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Hanukkah Antisemitism, Then and Now

Dec 18, 2022

הָרִ֣ימָה פְ֭עָמֶיךָ לְמַשֻּׁא֣וֹת נֶ֑צַח כׇּל־הֵרַ֖ע אוֹיֵ֣ב בַּקֹּֽדֶשׁ׃

Bestir Yourself because of the perpetual tumult, all the outrages of the enemy in the sanctuary.

ha-REE-ma f'-a-ME-kha l'-ma-shu-OT ne-TZAKH, kol he-RA oy-EV ba-ko-DAYSH

Psalms 74:3

By Adam Eliyahu Berkowitz

Greeks and Jews should have gotten along. The Hanukkah story should have ended with the two groups sitting down to a meal of potato pancakes and donuts.  In fact, the Greeks were universalists, open to new ideas and intellectualism from all cultures. The intellectual, spiritual, and legal aspects of Judaism were no doubt fascinating to the philosophical Greeks. The Greeks even seemed to respect the Torah. Ptolemy II had 72 sages translate the Hebrew Bible into Greek. In their journeys, if the Greeks encountered a new god, they would carve a new statue and add it to the pantheon. How much easier to accept a God that requires no statue?

In every other case where the Greek ruled over another nation, the Greeks would expect a tribute to be paid and that was enough to allow the other weaker nation to live peacefully. The Seleucid rulers chose negotiation with local communities. In exchange for acquiescence in rule – in the form of political control and taxation – they guaranteed the continuity of local rights and practices. In fact, when the Seleucids initially conquered Jerusalem, they allowed the Jews to be governed under their own religious laws. But for some reason, this changed and the Seleucid king Antiochus IV persecuted the Jews, prohibited Judaism, and profaned the Temple.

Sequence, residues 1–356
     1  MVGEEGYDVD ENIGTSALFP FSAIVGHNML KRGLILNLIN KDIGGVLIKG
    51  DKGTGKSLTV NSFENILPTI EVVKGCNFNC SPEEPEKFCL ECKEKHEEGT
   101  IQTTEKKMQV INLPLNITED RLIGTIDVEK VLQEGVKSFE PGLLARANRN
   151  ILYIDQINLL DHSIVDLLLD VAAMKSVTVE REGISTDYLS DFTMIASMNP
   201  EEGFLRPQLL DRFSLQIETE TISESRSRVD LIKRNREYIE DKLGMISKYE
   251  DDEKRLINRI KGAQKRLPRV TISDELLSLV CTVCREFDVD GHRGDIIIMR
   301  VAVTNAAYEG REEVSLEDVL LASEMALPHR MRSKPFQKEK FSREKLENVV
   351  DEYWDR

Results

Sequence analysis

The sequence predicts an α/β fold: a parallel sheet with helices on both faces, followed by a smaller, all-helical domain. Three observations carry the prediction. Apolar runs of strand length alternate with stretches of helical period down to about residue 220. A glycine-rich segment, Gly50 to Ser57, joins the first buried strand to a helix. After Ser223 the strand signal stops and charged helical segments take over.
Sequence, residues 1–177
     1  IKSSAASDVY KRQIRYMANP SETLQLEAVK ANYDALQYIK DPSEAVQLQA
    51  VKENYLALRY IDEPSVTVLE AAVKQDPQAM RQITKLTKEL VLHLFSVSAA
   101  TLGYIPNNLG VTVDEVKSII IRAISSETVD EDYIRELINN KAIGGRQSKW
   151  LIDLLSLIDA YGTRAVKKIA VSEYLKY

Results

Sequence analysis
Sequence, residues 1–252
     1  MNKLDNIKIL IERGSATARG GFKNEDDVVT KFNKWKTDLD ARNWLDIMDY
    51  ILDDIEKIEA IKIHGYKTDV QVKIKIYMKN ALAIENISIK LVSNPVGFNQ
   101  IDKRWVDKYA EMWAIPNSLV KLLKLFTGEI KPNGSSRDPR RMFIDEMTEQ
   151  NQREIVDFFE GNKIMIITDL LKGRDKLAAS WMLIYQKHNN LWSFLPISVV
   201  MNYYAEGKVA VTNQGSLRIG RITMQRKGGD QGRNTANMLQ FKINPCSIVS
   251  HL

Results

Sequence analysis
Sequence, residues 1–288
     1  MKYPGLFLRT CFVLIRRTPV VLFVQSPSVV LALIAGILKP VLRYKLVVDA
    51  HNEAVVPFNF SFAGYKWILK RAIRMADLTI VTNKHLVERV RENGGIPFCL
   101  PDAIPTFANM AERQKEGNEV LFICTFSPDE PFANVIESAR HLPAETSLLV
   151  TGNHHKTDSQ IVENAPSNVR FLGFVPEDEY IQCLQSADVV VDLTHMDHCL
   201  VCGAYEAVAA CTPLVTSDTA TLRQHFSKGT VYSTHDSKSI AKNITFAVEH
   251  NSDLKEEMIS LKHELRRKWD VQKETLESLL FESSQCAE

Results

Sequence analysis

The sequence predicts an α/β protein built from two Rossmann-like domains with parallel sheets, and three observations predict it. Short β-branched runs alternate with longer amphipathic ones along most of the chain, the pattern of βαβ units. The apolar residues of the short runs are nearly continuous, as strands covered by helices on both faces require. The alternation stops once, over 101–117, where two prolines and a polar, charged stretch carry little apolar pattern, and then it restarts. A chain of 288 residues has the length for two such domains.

Religious persecution targeting a particular group of the kind that was enacted against the Jews under the reign of Antiochus was unparalleled in Greek history. 

Why did he persecute the Jews? What made the Jews different than any other nation that the Greeks had ruled?

In People Love Dead Jews, Dara Horn makes a distinction between two kinds of anti-Semitism, represented by two major Jewish holidays: Purim and Hanukkah. Purim antisemitism is characterized by a desire to murder the Jewish people. It was this form of antisemitism that was brought to its zenith by the Nazis in their attempt to bring about the Final Solution. They did not care about the Jewish faith. A Jew could be unaware of his Jewish heritage and the Nazis came for him anyway. This form of antisemitism is still around today, manifested in synagogue shootings and the rise of White Supremacy.

As terrifying as this form of antisemitism is, it is so blatant that it is easy to identify and combat. Horn identifies Hanukkah antisemitism as being far more insidious. In this form of antisemitism, Horn writes that  “The goal is still to eliminate Jewish civilization,” noting that this could be achieved “while leaving the warm, de-Jewed bodies of its former practitioners intact.”